The Political Economy of the Irish Welfare State

Church, State and Capital

Fred Powell

The Political Economy of the Irish Welfare State

Fred Powell

Distributed for Policy Press at the University of Bristol

304 pages | 6 x 9
Cloth $120.00 ISBN: 9781447332916 Will Publish November 2017 For sale in North and South America only
This book analyzes the changing shape of Irish society over the hundred years since the 1916 rising, arguing that there are distinctive master patterns that characterize its development of a welfare state that triangulates among church, state, and capital. Fred Powell charts the influence of social movements that resisted oppressive power structures, including the labor and feminist movements, organizations working for the rights of tenants and the homeless, survivors of institutional abuse, groups of asylum seekers and refugees, and activists for gay rights and minority and ethnic cultural rights. The tension between these groups and the more conservative institutions that have dominated Ireland raises major questions about whether an inclusive welfare state is possible in a quasi-religious society.
Review Quotes
Fintan O'Toole, columnist, Irish Times
"Powell's erudite but compulsively readable analysis of why Ireland has never managed to create a fully developed welfare state is essential reading for anyone who wants to understand why the country is as it is and what it needs to do if a just and caring society is to be more than an aspiration."
Gøsta Esping-Andersen, Universitat Pompeu Fabra, Barcelona
“From this beautifully written book I have finally come to understand how the Irish welfare state model’s unique blend of residualism, familialism, and subordination to the market economy evolved. Powell provides us with an impressive and extraordinarily rich historical reconstruction of how conservative Catholicism and nationalism underpin the peculiar features of Irish social policy.”
Bryan Fanning, University College Dublin, Ireland
"The Political Economy of the Irish Welfare State is at once a coherent and provocative examination of the role of social policy in shaping modern Ireland, a comparative analysis of Irish modernization, and a vital contribution to Irish social history. It combines both breadth of analysis and lucid focus. Powell’s landmark book should be required reading for students of modern Irish history, Irish society, and Irish institutions."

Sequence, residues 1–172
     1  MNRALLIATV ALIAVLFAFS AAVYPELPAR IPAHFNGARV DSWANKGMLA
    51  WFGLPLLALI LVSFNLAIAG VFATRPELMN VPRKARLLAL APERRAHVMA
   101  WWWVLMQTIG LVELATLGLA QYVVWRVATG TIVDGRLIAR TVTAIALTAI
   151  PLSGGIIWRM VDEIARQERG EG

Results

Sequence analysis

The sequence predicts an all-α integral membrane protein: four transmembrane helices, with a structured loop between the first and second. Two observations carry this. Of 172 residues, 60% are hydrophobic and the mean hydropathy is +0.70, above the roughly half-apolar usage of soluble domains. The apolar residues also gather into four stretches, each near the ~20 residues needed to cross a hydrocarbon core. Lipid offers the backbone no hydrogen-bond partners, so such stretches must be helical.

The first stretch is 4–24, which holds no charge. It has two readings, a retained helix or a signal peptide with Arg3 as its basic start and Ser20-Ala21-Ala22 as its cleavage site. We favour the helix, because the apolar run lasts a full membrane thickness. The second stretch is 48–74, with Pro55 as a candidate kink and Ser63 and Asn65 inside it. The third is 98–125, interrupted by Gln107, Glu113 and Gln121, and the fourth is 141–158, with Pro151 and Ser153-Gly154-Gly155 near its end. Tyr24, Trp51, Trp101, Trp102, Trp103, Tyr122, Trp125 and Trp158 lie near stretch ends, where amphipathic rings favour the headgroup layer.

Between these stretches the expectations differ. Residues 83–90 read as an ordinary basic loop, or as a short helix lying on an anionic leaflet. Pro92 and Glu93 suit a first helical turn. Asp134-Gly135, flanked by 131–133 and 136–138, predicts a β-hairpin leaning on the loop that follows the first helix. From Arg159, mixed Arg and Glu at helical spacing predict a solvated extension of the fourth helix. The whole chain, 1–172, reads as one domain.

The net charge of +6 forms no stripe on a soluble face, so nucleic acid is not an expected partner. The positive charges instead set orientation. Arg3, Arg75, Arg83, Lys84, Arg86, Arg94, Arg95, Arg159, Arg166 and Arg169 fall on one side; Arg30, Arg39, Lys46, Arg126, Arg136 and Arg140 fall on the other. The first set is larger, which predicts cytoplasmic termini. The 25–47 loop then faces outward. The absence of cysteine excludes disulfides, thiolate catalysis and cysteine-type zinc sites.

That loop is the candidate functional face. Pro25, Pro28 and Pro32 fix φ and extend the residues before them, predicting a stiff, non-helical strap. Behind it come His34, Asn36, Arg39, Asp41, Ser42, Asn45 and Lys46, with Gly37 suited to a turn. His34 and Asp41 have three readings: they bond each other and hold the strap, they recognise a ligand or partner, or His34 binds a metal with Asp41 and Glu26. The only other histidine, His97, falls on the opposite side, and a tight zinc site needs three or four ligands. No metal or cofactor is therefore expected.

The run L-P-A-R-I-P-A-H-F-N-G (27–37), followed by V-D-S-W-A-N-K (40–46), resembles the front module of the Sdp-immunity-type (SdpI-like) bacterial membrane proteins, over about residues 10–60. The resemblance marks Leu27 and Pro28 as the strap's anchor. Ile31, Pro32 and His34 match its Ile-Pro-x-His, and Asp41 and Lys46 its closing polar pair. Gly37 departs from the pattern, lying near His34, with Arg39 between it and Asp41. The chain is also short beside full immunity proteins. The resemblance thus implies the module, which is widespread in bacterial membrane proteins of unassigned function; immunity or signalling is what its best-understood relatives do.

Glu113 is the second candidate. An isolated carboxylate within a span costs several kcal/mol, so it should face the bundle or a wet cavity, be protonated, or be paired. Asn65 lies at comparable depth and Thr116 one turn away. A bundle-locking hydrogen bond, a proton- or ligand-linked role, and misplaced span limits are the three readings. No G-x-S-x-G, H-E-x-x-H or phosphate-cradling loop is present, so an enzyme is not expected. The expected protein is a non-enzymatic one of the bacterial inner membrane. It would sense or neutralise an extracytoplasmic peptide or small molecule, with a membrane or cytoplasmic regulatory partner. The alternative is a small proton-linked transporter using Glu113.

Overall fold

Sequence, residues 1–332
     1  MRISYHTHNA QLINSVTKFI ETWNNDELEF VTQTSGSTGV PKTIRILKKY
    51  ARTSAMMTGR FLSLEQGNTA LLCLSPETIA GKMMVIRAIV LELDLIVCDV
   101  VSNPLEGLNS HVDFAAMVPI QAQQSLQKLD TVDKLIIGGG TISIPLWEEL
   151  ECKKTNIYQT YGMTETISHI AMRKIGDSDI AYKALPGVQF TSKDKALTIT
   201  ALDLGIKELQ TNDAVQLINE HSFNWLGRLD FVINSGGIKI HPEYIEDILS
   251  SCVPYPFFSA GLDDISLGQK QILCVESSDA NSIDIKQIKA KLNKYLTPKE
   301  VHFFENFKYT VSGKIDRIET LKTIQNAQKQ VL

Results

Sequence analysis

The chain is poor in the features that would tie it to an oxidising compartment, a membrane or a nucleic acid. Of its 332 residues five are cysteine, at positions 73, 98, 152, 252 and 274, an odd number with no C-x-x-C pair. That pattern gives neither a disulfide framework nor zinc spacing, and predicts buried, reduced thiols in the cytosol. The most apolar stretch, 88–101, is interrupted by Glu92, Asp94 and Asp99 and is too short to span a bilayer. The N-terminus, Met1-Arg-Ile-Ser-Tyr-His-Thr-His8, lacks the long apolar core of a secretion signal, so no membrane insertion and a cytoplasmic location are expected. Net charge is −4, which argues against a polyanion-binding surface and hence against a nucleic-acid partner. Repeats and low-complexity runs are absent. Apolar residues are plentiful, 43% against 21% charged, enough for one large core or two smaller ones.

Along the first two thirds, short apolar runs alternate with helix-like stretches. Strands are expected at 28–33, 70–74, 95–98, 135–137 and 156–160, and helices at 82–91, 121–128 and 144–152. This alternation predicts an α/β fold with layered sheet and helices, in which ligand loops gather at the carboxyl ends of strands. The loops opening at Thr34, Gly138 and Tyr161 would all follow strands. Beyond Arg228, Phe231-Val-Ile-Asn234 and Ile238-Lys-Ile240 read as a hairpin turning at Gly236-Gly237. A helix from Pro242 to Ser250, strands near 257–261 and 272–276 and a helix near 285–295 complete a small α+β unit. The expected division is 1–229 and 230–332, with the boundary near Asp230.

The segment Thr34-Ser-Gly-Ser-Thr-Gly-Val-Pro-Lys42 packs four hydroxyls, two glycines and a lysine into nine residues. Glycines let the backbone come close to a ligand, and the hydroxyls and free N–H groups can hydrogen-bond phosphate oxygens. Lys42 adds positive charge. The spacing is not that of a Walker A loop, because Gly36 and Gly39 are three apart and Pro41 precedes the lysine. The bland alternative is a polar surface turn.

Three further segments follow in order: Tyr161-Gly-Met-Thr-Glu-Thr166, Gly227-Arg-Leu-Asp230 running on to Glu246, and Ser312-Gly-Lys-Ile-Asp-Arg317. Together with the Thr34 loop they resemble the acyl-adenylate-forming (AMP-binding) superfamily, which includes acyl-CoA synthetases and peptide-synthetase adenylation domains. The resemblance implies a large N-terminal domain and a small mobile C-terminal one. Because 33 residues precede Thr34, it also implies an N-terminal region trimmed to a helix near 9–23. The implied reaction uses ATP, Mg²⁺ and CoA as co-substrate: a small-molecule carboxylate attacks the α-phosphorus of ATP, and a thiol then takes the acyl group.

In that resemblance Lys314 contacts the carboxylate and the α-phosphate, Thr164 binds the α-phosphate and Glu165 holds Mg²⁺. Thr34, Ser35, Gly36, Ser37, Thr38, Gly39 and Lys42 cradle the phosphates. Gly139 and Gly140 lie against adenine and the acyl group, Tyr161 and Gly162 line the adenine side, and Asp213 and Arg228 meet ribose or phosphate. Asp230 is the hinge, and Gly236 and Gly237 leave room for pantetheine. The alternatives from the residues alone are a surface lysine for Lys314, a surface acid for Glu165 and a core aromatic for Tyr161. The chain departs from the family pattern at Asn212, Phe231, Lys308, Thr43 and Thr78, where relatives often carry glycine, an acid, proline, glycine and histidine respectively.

Norman Ginsburg, London Metropolitan University
"This is a forthrightly critical, wide-ranging, and engaging study. It conveys with skill and panache the particular, unique development of the welfare state in Ireland, shaped by conservative Catholic culture and power, as well as progressive social movements, particularly the women’s movement. This is contextualized throughout by reference to social policy regime analysis and modernization, laced with a keen sense of social justice opposed to undemocratic corporate power, neoliberalism, and patriarchy."
Eoin O’Sullivan, Trinity College Dublin, Ireland
“Powell outlines the failure over one hundred years of politics and institutions in Ireland to deliver a universalist Welfare State based on social obligation, common citizenship, and human rights. The book lays bare the consequences of this failure for the citizens of Ireland. Students of contemporary Irish social policy seeking to understand the enduring unacceptable levels of poverty, housing deprivation, and an inequitable two-tier health care system will find provocative answers in this engaging book.”
Paul Dekker, Tilburg University, Netherlands
“This book is highly accessible for an international readership, not only of people interested in Ireland, but also for those who want to gain a better understanding of welfare state developments as outcomes of the interaction of social forces, religious and political beliefs, institutional interests, and capitalist offers you can hardly refuse.”
Peadar Kirby, University of Limerick, Ireland
"This is one of those rare books that can step back from the flow of history, identifying the continuities behind seemingly sweeping changes. Thus, it is far more than a history of the Irish welfare state as it places this embodiment of a just society in the wider context of the forces shaping Irish society and the grossly unjust and unequal outcomes. It is essential reading for anyone interested in understanding how, over the last century, Ireland has become what it is. Perhaps more importantly, it sets out the immensely challenging agenda facing those who seek to lay the foundations of a society that has the will and the ability to work for, and cherish well, all its citizens."
Cathal O'Connell, University College Cork, Ireland
"Powell has written a book which captures the complex narrative of the Irish Welfare State. In a clearly written and engaging account of welfare politics and policy, he documents how the progressive instincts of democrats, socialists, and feminists were overwhelmed from the establishment of independent Ireland in the early 1920s by an alliance of state, church, and property interests. This has given rise to a society where the welfare of the people and the values of social justice are secondary to the priorities of institutions, economy, and local and global vested interests."
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